“I enjoy living here very much; it’s the perfect place for me. I consider myself very fortunate. It’s turned out to be a good decision,” says John, who has been interested in politics since the early 1960s when he was a Jesuit priest studying in Europe.

Fellow program committee member and assistant treasurer Gerry Lavner also discovered her interest in politics in the 1960s. “It was the election of John F. Kennedy,” she recalls.

At Cedar Crest, Gerry continues her lifelong involvement in politics. Previously, she held positions on the Democratic Committee of Montclair County for 30 years and served as vice chair of the Montclair Democratic Party for 10 years. 

“People should be engaged in what’s going on in their immediate life and the world, and it’s important to elect people who will unify the country,” she says on the importance of voting. 

Republican Club President Harry Smith says both clubs’ involvement pushed Cedar Crest to turn out the greatest number of registered voters “by far” for the primaries among Pequannock Township’s 12 precincts. “We’ve very proud of it. We were really concentrating on it,” he says.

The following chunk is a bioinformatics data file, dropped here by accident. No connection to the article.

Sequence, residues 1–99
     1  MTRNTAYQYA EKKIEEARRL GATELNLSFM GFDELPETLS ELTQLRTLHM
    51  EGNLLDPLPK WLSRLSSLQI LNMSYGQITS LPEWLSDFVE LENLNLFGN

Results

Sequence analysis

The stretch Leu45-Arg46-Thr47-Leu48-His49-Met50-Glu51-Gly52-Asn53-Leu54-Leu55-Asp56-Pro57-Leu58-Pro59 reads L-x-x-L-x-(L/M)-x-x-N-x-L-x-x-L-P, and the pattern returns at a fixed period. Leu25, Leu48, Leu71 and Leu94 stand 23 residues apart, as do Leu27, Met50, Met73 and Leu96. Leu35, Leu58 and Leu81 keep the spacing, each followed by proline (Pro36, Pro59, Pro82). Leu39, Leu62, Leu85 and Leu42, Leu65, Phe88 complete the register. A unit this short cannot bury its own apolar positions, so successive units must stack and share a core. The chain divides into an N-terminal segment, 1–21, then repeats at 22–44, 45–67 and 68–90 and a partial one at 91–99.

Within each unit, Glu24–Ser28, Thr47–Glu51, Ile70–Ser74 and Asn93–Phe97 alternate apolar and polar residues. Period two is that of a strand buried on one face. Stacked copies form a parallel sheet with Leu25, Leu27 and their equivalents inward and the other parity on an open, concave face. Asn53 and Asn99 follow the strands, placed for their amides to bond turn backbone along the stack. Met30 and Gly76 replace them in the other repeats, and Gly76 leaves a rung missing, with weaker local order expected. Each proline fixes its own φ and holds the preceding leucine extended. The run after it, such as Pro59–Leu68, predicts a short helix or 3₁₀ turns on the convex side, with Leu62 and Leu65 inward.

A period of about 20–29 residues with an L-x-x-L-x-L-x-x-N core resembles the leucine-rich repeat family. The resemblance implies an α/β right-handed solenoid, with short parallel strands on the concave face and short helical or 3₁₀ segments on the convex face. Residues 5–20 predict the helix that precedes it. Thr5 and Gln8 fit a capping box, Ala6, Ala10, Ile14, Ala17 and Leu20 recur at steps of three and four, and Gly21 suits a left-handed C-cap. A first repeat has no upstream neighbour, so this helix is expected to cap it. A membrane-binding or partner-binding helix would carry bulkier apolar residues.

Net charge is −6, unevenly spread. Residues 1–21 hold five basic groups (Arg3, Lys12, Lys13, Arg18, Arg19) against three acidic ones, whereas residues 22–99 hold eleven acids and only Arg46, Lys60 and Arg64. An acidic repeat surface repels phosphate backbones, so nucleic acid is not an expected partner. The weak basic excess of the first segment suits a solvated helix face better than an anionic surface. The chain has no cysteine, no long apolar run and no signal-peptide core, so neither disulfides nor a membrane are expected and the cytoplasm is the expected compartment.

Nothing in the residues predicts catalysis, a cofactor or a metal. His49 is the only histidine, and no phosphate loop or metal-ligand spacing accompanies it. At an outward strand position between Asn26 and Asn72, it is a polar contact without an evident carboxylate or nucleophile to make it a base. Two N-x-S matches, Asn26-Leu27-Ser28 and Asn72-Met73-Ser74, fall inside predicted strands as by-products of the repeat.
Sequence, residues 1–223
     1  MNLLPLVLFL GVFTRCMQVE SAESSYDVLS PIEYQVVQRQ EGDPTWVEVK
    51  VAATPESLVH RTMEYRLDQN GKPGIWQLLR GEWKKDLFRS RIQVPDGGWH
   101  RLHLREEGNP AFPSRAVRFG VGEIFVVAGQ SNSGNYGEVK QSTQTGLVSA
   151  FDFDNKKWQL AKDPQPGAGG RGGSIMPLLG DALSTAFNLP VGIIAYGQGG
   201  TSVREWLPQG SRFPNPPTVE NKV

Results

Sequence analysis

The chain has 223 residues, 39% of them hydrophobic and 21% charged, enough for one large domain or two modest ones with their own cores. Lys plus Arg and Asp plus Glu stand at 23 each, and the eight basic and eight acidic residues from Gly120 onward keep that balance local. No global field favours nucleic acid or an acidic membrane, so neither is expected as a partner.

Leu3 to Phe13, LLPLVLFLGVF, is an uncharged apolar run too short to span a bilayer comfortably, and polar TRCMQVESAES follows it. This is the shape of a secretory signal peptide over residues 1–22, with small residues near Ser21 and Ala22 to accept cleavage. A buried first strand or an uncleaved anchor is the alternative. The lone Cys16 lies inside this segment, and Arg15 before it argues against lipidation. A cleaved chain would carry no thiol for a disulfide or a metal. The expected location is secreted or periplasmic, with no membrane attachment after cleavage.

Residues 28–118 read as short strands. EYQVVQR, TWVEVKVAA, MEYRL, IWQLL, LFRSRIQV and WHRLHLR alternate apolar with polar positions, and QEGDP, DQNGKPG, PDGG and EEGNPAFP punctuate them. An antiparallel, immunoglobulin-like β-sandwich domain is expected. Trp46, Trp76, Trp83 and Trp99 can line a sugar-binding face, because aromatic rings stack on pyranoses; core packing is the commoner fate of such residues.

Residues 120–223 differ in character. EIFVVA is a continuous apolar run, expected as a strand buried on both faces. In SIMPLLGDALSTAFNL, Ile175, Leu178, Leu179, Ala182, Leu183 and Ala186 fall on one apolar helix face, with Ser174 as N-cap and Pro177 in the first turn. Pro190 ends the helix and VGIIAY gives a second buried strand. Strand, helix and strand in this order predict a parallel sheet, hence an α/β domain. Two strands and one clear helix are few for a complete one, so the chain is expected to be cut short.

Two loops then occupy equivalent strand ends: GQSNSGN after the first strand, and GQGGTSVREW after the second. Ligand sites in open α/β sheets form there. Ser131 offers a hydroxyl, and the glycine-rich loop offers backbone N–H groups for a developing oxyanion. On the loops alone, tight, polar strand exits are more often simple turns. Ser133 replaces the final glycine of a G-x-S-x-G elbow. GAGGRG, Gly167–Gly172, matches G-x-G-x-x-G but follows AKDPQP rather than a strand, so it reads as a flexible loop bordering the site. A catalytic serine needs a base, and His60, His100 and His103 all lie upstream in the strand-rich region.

They use the community’s resources, such as the on-site TV studio, monthly resident newsletter Mountain Matters, bulletin boards, and residents’ mail cubbies to support the vote. 

“We’re doing everything we can from print to word of mouth to encourage people to register and vote,” Harry says, adding that older adults carry their weight come election time. 

“We can turn people out. We’re not working, we’re involved, and we want to see good government,” he says of his fellow Cedar Crest community members. 

On-site polling

In November, Cedar Crest will have voting available on site. Republican Club cofounder Marion Spilatro will likely be working the polls, as she has for 20 years. 

“It was during the Reagan administration that I became very interested in politics—when he first gave that memorable speech supporting his running mate,” she recalls. “Then after that I started working the polls and served in my former town [Middlesex, in Middlesex County] as a committee member.”

She moved from there to Cedar Crest almost five years ago to avoid isolation. “I think I’m better off here. I can maintain my friendships because when I lived by myself I didn’t see the people I was friendly with as often as I’d like. Here, you can see friends every night if you want to,” Marion says.

At Cedar Crest, she serves on the Republican Club’s telephone committee, calling members with meeting and voter registration reminders. “We always ask: ‘Are you registered?’” she says. She also helps people register and vote by mail if they won’t be able to vote on site come Election Day.

Marion says this year’s presidential election has made her and her neighbors as passionate as ever. “It’s like no election that I’ve ever experienced,” she says. 

Similarly, Fred says, “This election is very important at this time. So much is at stake!”